It's the year 2016: looking past the more-than-interesting affairs in all things television, Hollywood, and politics; we have come quite far in our pursuit to emulate life through circuitry. With that said, we see robots infiltrating some intimate aspects of our lives—whether it be building our homes, giving us a helping hand at the grocery store, or just accompanying us when we're lonely. However, even with all this progress, we might be a little reticent to invite robots into our operating rooms.
Approving the Clinical Cobra
We might even be especially hesitant in this case, as Medrobotics, a private surgical robotics company, has unveiled a new surgical tool that can only be described as a 'snake-like bot' that glides into orifices. Now before that uncomfortable feeling sets into the pit of your stomach, rest assured that technologies such as the Flex Robotics System are actually quite revolutionary.
What's interesting is that the Flex system enables surgeons to utilize a joystick and camera interface to access points of a patient's anatomy that would have otherwise only been accessible through invasive procedures. This makes the procedures easier for both patients and physicians.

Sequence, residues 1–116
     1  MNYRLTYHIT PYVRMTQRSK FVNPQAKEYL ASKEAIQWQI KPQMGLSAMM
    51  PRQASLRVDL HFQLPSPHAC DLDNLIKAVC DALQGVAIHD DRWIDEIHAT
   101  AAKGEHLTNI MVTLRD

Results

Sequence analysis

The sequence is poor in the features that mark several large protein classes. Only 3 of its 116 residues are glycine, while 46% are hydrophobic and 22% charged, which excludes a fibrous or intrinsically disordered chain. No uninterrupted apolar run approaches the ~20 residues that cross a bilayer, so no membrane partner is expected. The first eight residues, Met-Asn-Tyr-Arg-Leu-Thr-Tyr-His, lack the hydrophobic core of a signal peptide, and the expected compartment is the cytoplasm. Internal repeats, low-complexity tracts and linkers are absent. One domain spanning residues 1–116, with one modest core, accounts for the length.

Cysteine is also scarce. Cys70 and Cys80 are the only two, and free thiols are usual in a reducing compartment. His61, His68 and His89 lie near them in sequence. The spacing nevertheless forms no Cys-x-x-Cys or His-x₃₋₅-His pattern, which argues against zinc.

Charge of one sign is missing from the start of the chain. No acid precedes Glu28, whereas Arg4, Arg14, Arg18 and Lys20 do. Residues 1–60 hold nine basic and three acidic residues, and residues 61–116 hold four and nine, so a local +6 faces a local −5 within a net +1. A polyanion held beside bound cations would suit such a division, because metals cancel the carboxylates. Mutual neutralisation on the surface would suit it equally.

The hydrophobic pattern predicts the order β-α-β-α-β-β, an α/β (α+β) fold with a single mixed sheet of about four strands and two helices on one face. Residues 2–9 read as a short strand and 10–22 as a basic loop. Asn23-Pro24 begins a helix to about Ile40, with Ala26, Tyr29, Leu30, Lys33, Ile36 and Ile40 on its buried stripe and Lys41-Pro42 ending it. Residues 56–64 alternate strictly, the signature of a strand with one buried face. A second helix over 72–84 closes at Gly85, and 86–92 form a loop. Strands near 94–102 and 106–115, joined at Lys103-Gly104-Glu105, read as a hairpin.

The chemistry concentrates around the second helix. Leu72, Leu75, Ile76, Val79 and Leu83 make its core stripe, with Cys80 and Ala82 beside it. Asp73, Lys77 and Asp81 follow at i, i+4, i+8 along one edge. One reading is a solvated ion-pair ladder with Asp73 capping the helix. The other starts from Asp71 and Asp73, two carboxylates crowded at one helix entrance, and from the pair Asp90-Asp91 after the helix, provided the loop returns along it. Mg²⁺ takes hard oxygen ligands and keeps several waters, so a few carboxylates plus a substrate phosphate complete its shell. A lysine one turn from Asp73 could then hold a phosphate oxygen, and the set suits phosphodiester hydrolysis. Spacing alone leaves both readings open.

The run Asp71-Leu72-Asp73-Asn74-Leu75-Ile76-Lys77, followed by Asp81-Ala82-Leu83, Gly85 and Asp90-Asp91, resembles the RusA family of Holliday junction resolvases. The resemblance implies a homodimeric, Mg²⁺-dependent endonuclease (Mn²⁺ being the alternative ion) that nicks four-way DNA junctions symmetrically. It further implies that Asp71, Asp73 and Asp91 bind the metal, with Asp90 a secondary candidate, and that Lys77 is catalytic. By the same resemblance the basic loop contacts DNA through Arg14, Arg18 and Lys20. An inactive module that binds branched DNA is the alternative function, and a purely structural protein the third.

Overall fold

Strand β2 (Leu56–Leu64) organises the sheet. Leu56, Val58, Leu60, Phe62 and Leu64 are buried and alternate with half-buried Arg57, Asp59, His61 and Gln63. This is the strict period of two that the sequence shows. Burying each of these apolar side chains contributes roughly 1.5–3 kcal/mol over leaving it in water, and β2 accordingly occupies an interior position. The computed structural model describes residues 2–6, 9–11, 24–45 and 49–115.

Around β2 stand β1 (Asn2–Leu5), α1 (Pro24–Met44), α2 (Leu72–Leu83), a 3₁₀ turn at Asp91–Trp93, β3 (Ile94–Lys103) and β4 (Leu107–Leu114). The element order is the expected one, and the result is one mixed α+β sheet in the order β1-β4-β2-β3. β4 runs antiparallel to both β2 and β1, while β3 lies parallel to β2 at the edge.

In fact, the technology met the U.S. Drug and Administration's approval as a surgical instrument only several years after its inception. The team had to prove that the tech was "dumb" enough to allow the operating surgeon full autonomy of the device.
Surgeons Give the Conditional Okay to Robots
Surgeons such as Dr. David Goldenberg, director of otolaryngology surgery at the Penn State Hershey Medical Center, feel that the device is "the future of head and neck surgery." He extols the device for its convenience in the operating room, all while making it clear that the FDA is correct in its definitive stance on "dumb" technology in surgery.
Goldenberg believes that surgery requires "judgement, morals, and ethics," something that robots do not possess. Therefore, the use of artificial intelligence would prove to be a hindrance in case-by-case scenarios that often arise in complicated surgeries.
Although, many roboticists disagree—as they aim to manufacture a bot that will herald the end-of-days for human surgeons. Rest assured, however, we are many years away from building a robot that fits Goldenberg's requirement of quick thinking and impromptu judgements. Even after we reach that point, it would take even more time for the contraption to transition from the lab to clinic.
The Flex System is one of the many stepping stones into a future of medicine brimming with hope, as the 21st century has much to offer and we have more to see.
Take a look at these bad boys for yourself:
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